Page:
Lots of training news!

Is there really a slow time around Infopeople training roll outs?  Nah! And so far, this August is proving to be busy for those of us creating lots of new content areas and formats for library staff training and development!

Here’s an overview of what’s happening, and a glimpse ahead, too:

With the Affordable Care Act approaching a new stage, that of health insurance enrollment, libraries and library staff have been called upon to prepare to assist our community members to accessing information and the tools needed to expedite individual and family enrollments. There is a humongous amount of information for us all to recognize and absorb–and we know you are already busy. So, upcoming very soon is Infopeople’s online resources page dedicated to leading you and your staff to the most urgent Affordable Care Act news and resources. By “soon,” you can think “end of this very week.”

Also in the hopper related to the Affordable Care Act is a webinar featuring our excellent Kelli Ham, along with the ever knowledgeable Barbara Bibel, and another panelist from Covered California. The one-hour webinar is scheduled for noon, on Monday, September 9. Kelli, besides being a librarian at UCLA, is Infopeople’s link with the National Network of Libraries of Medicine, Pacific Southwest Region. Barbara has been certified by the Medical Library Association and regularly provides training to public library staff around health and wellness materials.

As of Sunday, the independent online learning series Infopeople has hosted for UC Davis, titled Health and Wellness Competencies, has moved to Infopeople’s direct aegis.  Any generalist who wants to gain a better understanding of how to deliver health and wellness information to his or her library community, making use of best practices, can enroll in this six-module wholly asynchronous series by registering on the Infopeople training site. While this series does not address the Affordable Care Act, we have another series of independent online learning rolling out in September, titled Affordable Care Act @ Your California Library.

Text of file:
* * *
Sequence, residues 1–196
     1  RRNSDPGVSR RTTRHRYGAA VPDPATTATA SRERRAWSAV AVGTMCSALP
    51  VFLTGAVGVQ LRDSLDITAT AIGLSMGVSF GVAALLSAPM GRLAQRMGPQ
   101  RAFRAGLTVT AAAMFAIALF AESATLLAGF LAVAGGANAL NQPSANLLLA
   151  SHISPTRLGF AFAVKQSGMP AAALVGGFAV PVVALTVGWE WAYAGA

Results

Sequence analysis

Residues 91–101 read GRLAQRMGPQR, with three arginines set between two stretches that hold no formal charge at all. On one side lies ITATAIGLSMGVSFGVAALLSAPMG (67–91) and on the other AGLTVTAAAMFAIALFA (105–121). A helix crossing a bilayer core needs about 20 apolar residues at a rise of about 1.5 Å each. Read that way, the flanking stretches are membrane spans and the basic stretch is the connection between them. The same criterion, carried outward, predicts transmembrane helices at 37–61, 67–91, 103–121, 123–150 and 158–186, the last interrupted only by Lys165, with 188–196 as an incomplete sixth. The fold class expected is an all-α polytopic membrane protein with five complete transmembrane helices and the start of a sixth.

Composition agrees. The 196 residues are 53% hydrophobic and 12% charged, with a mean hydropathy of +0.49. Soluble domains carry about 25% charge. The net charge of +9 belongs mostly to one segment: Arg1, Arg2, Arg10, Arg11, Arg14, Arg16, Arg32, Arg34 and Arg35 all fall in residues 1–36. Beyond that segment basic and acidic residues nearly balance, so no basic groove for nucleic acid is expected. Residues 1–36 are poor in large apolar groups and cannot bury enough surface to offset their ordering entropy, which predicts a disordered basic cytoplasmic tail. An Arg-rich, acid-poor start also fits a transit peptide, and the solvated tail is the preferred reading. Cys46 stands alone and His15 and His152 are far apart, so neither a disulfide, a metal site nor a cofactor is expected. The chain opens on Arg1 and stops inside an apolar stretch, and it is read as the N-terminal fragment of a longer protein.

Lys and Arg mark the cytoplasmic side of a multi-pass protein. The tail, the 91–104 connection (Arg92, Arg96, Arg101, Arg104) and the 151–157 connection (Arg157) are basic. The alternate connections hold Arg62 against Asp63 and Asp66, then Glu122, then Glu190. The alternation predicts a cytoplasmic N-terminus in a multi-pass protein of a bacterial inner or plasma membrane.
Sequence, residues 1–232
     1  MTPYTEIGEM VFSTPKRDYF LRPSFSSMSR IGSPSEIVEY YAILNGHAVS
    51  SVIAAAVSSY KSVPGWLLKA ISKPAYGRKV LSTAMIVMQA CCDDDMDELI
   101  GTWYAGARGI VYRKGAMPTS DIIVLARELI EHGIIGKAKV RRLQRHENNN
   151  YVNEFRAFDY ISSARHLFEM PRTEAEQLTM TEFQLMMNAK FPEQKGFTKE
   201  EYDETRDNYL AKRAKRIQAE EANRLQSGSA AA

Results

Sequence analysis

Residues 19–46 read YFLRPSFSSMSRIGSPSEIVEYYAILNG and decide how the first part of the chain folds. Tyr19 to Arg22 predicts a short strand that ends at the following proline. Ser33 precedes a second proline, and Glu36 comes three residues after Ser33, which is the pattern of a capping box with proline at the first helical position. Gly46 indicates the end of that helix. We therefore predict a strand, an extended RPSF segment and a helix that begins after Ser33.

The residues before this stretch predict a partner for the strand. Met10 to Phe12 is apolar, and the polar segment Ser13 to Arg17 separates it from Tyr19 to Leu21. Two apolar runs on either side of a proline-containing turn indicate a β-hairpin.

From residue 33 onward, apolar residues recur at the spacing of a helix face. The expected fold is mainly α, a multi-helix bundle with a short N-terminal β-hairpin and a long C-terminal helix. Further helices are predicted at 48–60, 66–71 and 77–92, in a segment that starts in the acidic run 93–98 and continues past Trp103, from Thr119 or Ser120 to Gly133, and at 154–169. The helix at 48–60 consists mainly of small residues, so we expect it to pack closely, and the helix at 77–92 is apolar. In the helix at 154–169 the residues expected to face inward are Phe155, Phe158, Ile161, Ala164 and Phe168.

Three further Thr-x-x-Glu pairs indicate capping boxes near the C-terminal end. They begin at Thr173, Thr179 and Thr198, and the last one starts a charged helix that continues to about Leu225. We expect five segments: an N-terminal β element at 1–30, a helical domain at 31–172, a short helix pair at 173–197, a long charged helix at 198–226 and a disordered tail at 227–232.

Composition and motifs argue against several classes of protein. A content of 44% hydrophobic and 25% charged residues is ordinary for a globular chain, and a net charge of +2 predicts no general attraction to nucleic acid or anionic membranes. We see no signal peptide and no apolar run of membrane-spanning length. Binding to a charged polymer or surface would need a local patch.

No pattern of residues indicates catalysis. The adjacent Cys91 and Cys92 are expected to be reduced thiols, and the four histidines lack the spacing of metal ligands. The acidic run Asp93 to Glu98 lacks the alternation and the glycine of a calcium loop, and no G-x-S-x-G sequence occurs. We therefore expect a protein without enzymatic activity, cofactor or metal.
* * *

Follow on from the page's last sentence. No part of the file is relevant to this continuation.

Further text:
And speaking of independent online learning series, what had been called CORE 2: Subject Area Reference is now titled Subject Area Reference. We’ve returned its layout to that of a single strand with six modules, one evaluation and one certificate of completion.

With two fully developed independent online series already underway and a couple more in development, this is a good time to remind everyone that these series are low cost ($25 for Californian library staff, with free registration for rurals, and $50 for out of state participants). Each series is available for registration any time and each one runs all the time. A participant has two months to work at his or her own rate on any of the modules within the series for which he or she has registered.

Now, if you would like to receive such updates in breaking moment and perhaps more specifically concise way, here’s a reminder that you can follow Infopeople on Twitter (@infotweets), receive updates on Facebook by “liking” us there(facebook.com/infopeople.org), connecting your RSS feed to Infopeople’s home page, and/or making sure you are subscribing to this blog.

 

 

Let ’em Browse

Birds do it, bees do it, and I do it every morning. It’s what brought me to the brand new Hippie Gypsy coffee shop (because I did it online last night). Richard Feynman did it on the beach (and Leland Myrick depicts that perfectly in his and Jim Ottaviani’s new biography).

Browsing: it’s that wonder-producing, only semi-directed activity that helps us find the obscure, enjoy the unexpected, and even discover that what we thought were disparate ideas or tastes could actually be connected by us to make wholes greater than the sums of their parts. Laura Larsell discusses this eloquently, so go to Mashable right now and–after you’ve browsed it–consider the ways your library staff might be energized by opportunities to browse on the job:

  • They could become more comfortable readers’ advisors for browsing the stacks instead of just the new book shelves